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The Diamond Sutra

The Diamond Sutra

Written by Alfonso Elizondo

 

A few days ago, a generous and very recent friend gave me a deluxe edition of the Christian Bible printed on fine paper, very light in beautiful characters. He told me that this bible, printed in the sixteenth century by John Gutenberg, was the oldest printed book in the world and asked me to please read it in great detail. I accepted it with love and respect, but I told him that I would soon give him the details of the really oldest printed book in the world produced in China in 868 BC.

 

In 1907 British Hungarian archaeologist Marc Aurel Stein was in the middle of an expedition to China and after hearing rumors about a huge hidden library in that region decided to search on his own for the location which he soon found. After bribing the abbot of the monastic group guarding the site, he stole thousands of documents that included the ‘Diamond Sutra’.

 

According to Stein, in May 848 BC an individual named Wang Jie had a translation of a sacred Buddhist text from Sanskrit to Chinese printed on a parchment. The roll is printed in seven sections with one block for each of them which were then joined together adding up to a length of five meters.

 

In one of the corners of the document are these words: “Made with reverence for universal free distribution by Wong Jie on behalf of both his parents.” It is known that according to the Buddhist tradition copying and disseminating the word of Buddha was the best way to earn respect in Chinese culture and therefore printing evolved rapidly in that country.

 

The Diamond Sutra can be read in its entirety in about 40 minutes and is often memorized and cited in Buddhist monasteries. It has retained a high degree of popularity in the Mahayana Buddhist tradition for more than a thousand years, especially in East Asia. So it is the most important book within the school of meditation (Zen / Chan / Seon / Thien) in East Asia where it is taught and discussed extensively up to the present time.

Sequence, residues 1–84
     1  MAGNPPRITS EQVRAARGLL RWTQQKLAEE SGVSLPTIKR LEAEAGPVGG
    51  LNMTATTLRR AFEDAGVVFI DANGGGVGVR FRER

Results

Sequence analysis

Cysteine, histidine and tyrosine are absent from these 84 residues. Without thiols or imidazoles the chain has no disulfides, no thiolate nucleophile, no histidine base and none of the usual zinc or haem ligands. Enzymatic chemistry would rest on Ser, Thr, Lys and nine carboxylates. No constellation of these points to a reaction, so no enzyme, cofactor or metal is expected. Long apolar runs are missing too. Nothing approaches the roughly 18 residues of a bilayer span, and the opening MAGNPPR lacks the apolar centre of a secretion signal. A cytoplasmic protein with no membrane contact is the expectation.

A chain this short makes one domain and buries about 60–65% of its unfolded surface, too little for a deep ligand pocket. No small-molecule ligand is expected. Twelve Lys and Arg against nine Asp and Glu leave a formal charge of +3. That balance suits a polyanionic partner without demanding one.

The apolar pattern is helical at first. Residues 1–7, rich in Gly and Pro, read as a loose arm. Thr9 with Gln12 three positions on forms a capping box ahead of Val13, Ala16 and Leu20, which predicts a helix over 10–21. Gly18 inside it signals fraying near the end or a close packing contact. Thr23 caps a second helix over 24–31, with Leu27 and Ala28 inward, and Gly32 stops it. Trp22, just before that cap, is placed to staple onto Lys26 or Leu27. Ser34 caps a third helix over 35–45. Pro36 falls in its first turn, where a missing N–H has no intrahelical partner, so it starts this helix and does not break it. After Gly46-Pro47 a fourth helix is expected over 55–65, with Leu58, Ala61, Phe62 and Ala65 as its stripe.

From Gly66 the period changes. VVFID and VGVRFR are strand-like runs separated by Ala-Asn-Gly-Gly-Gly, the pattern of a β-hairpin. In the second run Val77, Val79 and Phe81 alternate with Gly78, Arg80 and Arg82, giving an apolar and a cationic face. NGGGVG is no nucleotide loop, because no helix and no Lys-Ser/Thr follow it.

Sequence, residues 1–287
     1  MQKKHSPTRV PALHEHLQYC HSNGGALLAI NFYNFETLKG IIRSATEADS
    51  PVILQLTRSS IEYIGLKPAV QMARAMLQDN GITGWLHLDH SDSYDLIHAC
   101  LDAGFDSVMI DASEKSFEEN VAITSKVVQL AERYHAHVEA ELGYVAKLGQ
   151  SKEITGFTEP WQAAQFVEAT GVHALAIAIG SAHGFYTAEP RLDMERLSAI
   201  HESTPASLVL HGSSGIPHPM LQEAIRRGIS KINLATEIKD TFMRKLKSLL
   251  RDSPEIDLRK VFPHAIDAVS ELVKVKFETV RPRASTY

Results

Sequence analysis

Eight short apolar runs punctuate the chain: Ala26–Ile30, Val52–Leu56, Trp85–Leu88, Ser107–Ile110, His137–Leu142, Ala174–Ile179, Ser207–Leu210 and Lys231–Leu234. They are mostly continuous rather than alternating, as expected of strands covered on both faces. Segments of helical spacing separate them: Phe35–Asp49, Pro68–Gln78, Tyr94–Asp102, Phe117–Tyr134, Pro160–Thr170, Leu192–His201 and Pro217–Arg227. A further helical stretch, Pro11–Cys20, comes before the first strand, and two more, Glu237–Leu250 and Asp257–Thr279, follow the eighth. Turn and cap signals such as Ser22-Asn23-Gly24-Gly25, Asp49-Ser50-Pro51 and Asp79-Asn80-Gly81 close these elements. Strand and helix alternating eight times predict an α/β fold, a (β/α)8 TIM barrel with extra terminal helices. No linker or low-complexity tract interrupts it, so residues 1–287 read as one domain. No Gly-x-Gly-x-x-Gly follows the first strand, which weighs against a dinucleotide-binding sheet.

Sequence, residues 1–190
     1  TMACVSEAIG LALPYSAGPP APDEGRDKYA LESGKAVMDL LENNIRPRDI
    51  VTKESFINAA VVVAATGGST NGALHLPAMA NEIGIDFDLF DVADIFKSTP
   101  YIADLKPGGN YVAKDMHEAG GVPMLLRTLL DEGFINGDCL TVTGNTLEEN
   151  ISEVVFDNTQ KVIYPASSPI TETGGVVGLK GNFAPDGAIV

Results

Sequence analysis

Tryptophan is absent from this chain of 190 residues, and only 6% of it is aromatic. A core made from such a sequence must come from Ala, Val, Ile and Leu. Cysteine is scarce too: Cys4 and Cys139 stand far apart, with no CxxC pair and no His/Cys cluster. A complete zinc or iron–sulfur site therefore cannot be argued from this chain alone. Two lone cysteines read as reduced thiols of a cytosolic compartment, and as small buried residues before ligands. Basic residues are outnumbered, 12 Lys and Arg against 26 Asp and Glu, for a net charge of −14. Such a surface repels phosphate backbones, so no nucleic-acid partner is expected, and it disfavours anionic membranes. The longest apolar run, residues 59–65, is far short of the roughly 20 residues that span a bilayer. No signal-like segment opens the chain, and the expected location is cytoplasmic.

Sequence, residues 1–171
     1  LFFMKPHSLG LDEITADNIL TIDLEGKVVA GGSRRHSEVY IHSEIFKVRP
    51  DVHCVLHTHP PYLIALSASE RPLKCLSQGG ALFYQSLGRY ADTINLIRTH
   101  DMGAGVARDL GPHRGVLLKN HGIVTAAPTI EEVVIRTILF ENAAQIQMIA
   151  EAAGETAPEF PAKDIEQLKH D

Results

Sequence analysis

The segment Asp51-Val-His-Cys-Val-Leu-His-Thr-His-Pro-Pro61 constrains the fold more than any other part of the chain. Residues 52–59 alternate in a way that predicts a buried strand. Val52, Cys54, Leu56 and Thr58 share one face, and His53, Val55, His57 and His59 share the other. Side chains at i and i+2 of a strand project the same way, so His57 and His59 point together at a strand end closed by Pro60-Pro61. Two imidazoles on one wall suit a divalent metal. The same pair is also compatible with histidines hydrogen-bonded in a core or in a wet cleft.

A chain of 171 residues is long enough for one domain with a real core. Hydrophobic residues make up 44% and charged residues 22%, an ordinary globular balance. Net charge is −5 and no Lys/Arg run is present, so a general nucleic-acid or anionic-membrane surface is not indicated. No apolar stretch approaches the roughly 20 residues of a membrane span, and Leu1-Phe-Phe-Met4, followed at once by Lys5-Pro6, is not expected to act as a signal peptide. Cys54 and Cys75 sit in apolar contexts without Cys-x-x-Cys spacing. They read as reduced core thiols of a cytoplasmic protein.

Sutra is the Sanskrit name for ‘religious teaching or wisdom’ and is often the word that refers to a teaching of Buddha. Budha is said to have given it this name to this teaching because it would “cut like a diamond through illusions made of words and would nurture what is real and permanent.”

 

The book belongs to the tradition of Mahayana Buddhism which, unlike other schools, teaches that anyone can achieve enlightenment, whether or not the individual lives a monastic life. This current came from India to China through the old ‘silk route’. The text of only six thousand words is the oldest printed book known. It is currently housed in the British Library and is part of the impressive Dunhuang Project which can be easily accessed on the Internet.

 

The British independent researcher Bill Porter took the following excerpt translated from Chinese into English of a very poetic idea that is in ‘The Diamond Sutra’:

 

‘So you can see the transience of the world, a star at dawn, a bubble in a stream, a flash of light on a summer cloud or a flickering lantern, a ghost, a dream.’

 

Addendum: For those of us who are completely subject to the culture and mentality of the West, it is very difficult to understand that there are other paradigms different from ours, and even more so when they completely differ from our vision of ethics, politics and religion. This is so because for all human beings, the teaching they receive in their first ten years of life remains with them for the rest of their lives.